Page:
Not everyone can be a NASCAR pilot, but focus and correct training, talented pilots can take sensible, measurable steps towards the ultimate goal of flying professionally on a NASCAR NASCAR circuit. Anyone can aspire to top-level professional sports careers, but when it comes to the competitive world of motorsport, a would-be NASCAR driver should first consider gaining some basic experience to build a professional driver’s resume.
Kart racing If you are not yet of legal driving age and can find a track that offers racing for young people, this is a great way to learn the basics of driving a vehicle around corners.
Watch professional drivers on TV or, if possible, on a local track. If you have the opportunity to buy a cockpit pass, take the opportunity to ask questions to the drivers and the team.
Find car mechanics near you or through the internet, so you can learn everything possible about the mechanics of a race car and how they differ from ordinary cars. The most important tool for any car driver is a reliable car, and although professional drivers have a maintenance team and mechanics for things to go well, the driver is the only one on the track who can detect a problem early and stop the car before having problems at high speeds.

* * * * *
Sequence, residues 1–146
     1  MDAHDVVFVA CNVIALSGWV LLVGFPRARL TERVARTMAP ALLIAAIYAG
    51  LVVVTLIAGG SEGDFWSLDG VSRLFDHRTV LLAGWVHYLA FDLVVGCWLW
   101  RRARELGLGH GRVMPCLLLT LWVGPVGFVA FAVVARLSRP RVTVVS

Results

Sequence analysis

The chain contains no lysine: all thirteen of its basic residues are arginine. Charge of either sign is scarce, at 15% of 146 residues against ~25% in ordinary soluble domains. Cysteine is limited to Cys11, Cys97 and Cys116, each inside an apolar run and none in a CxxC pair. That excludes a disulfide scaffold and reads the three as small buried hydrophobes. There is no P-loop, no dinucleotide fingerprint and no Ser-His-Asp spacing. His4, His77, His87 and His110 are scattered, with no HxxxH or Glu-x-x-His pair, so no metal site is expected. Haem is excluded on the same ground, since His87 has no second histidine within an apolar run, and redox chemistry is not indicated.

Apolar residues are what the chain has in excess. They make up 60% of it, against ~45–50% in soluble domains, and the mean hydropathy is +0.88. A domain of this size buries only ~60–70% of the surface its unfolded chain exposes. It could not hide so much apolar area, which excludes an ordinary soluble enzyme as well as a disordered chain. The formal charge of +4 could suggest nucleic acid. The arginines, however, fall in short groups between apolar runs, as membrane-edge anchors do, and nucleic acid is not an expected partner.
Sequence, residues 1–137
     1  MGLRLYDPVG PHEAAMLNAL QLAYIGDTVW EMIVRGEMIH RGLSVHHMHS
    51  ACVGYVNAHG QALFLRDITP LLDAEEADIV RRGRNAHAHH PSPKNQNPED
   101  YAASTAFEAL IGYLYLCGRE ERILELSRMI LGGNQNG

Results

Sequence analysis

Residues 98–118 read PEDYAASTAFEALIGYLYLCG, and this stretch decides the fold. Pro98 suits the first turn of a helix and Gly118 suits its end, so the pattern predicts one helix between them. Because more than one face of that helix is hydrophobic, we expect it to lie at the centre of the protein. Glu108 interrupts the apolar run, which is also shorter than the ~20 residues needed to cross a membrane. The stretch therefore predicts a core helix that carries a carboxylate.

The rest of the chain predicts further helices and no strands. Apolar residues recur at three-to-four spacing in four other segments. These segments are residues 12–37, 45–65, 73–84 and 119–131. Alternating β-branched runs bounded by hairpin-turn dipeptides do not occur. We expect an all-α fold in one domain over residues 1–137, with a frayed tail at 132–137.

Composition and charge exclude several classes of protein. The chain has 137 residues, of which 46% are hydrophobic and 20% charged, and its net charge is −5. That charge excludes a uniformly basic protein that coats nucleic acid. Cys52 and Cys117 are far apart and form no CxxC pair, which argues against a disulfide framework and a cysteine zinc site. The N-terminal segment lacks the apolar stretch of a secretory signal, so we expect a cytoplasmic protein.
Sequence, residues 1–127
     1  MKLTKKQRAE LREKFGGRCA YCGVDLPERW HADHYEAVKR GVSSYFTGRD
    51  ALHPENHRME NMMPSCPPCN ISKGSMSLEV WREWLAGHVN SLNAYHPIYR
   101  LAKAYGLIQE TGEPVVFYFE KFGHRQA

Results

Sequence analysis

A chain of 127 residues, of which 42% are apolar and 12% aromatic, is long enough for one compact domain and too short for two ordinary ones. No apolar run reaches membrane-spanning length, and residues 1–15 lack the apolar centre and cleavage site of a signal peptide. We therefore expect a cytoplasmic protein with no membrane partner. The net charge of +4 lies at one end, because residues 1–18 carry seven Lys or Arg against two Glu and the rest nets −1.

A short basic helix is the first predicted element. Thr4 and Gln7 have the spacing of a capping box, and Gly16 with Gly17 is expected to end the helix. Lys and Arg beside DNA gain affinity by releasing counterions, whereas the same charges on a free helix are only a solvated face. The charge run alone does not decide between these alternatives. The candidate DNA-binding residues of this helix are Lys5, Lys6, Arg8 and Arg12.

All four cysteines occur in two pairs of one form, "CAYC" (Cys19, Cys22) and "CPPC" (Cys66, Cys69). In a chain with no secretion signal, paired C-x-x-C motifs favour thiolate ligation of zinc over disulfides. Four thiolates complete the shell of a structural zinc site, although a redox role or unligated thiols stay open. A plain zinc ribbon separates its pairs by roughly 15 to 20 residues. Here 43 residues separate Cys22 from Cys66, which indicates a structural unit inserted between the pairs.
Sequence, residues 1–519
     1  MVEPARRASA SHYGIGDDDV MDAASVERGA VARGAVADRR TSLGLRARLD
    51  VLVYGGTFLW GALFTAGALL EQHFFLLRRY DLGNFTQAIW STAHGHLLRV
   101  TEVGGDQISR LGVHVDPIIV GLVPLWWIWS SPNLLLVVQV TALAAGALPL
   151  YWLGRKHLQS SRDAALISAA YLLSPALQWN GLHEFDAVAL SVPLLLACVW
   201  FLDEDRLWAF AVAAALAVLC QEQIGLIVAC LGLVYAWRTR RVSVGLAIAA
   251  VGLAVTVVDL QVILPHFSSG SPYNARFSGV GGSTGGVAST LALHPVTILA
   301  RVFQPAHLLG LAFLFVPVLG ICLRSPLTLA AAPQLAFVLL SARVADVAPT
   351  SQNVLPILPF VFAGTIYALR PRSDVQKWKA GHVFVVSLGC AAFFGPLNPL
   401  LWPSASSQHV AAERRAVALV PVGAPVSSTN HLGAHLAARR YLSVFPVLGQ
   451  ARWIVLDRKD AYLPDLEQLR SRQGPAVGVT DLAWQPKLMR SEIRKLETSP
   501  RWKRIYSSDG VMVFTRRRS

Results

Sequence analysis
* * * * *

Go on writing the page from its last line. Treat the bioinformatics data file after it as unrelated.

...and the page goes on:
Volunteer to help a local driver’s team. As a volunteer, you will generally need some basic skill such as knowledge of mechanics, although some programs provide training for volunteers.
Enter a NASCAR driving course at a specialized track.
Driving schools offer detailed safety and communication instructions, lessons in standard procedures and the opportunity to drive a race car from 3 to 40 laps on the track.
The driving experience varies from doing laps on the track, following another car, or the final challenge of the driver, with an experienced passenger to teach you with hand signals as you go along the route.
Prepare your mind with a formal education. While training and experience with a real racing car are important, if you want to be a NASCAR driver, it’s also important to tune your spirit to deal with the racing business. A formal education is usually not important for NASCAR drivers, but as the popularity of racing continues to grow and fans continue to put millions of dollars into the industry, some advanced education in business and communication could provide a niche for new NASCAR drivers.
Get the right physical shape and stay in shape. Physical fitness is paramount to becoming a successful pilot. The healthier and better fit the pilot is, the better equipped he or she will be to withstand the heat the strain of flying at almost 200 miles per hour (about 322 km/h). In addition, racing cars can go faster when they carry less weight in the driver’s seat.